What are your thoughts on bringing activism and business together to tackle both our social and environmental problems? I think a lot of us, particularly if you’re starting out in your career, want to feel that where you work represents your values, what you stand for and care about. What has your journey been since graduating and starting Twipes?

Elle: In terms of where I started, I’ve always loved the environment. Even as a kid, I was the one sorting the recycling in my household and talking about how the planet was changing. I was a very strange child... Kids were playing with dolls whilst I was asking, 'what’s going to happen in Y2K?' 'Is the whole planet shutting down?' So I’ve always been naturally drawn to this. When we started the business, I was already aware of the challenges that we were facing as a group of people. I'd tell people: 'You can’t use wet wipes. Wet wipes don’t flush. It may say flushable on the packet, but it doesn’t flush.' The whole idea was generated from the fact that we sat down and talked about this. I pay attention, and it came from an interest in the environment. I know not everybody has that, but I think businesses and any job you go into, they should be absolutely transparent on what they do to make their pledge towards the environment in some way. It can be small, but it needs to be significant.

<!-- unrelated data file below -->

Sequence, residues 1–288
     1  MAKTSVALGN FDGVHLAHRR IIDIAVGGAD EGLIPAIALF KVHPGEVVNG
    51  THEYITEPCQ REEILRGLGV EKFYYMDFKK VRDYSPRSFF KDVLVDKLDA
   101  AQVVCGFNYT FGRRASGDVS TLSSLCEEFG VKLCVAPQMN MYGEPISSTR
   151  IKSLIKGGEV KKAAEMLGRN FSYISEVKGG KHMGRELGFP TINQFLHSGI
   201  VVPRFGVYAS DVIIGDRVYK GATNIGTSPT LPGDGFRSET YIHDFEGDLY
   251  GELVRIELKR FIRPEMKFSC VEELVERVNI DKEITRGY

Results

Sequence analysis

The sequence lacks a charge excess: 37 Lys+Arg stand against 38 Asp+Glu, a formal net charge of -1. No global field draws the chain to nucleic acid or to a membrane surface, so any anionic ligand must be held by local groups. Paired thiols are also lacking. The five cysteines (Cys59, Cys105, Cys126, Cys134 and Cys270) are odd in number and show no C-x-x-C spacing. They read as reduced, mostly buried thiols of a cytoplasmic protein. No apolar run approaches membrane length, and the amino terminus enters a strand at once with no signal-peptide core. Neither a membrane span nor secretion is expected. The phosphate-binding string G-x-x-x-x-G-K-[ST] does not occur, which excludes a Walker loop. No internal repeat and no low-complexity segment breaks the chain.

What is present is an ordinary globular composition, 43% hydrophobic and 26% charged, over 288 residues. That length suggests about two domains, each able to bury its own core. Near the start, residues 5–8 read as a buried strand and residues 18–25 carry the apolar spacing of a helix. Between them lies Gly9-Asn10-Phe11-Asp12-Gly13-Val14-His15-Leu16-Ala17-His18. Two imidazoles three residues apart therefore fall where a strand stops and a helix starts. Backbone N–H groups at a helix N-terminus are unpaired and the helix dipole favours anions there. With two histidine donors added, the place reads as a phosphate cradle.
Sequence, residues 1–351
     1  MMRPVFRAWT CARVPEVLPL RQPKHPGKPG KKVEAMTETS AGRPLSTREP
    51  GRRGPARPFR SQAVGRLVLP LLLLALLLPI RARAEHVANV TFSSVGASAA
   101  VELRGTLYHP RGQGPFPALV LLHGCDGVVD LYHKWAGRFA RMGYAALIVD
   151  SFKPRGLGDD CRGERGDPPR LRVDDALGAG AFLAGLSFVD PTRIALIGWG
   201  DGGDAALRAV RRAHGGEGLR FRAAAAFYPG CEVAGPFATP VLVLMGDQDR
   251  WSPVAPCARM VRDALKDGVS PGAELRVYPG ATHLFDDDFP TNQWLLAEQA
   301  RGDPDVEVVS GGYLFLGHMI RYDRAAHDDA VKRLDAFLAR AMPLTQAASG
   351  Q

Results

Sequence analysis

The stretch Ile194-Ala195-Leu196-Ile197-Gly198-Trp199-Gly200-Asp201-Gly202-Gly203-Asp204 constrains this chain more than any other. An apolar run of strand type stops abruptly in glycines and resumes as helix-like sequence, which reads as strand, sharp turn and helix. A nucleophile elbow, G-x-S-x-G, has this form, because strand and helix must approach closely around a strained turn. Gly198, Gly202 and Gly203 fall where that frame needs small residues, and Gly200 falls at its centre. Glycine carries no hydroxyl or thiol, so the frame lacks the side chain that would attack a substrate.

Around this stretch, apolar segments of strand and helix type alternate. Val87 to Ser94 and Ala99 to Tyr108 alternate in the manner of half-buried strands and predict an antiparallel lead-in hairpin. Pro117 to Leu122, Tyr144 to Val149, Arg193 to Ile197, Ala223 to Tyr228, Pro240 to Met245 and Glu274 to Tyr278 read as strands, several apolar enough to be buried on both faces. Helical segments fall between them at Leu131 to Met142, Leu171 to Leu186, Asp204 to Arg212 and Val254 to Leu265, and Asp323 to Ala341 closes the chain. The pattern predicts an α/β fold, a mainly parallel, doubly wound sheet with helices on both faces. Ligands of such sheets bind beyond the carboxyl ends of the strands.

How would you encourage more people to get involved in the climate movement, not just in their day-to-day consumption and behaviour habits, but going beyond that?


Elle: I’m going to say something a little bit different here. I think that as individuals, we do as much as we possibly can to decrease our carbon footprint, or do something that will help the environment. We see so many adverts saying, 'you have to do this and just make one change'. I think it’s important that as individuals we continue to do this. But there are huge corporations that are responsible for the climate crisis. There are a hundred energy companies that contribute to 71% of the global emissions in the world. And if a hundred of those companies just made a small shift, we would be able to reduce those emissions. I think it’s unfair to blame or put more onus on individuals because we are doing the best we can.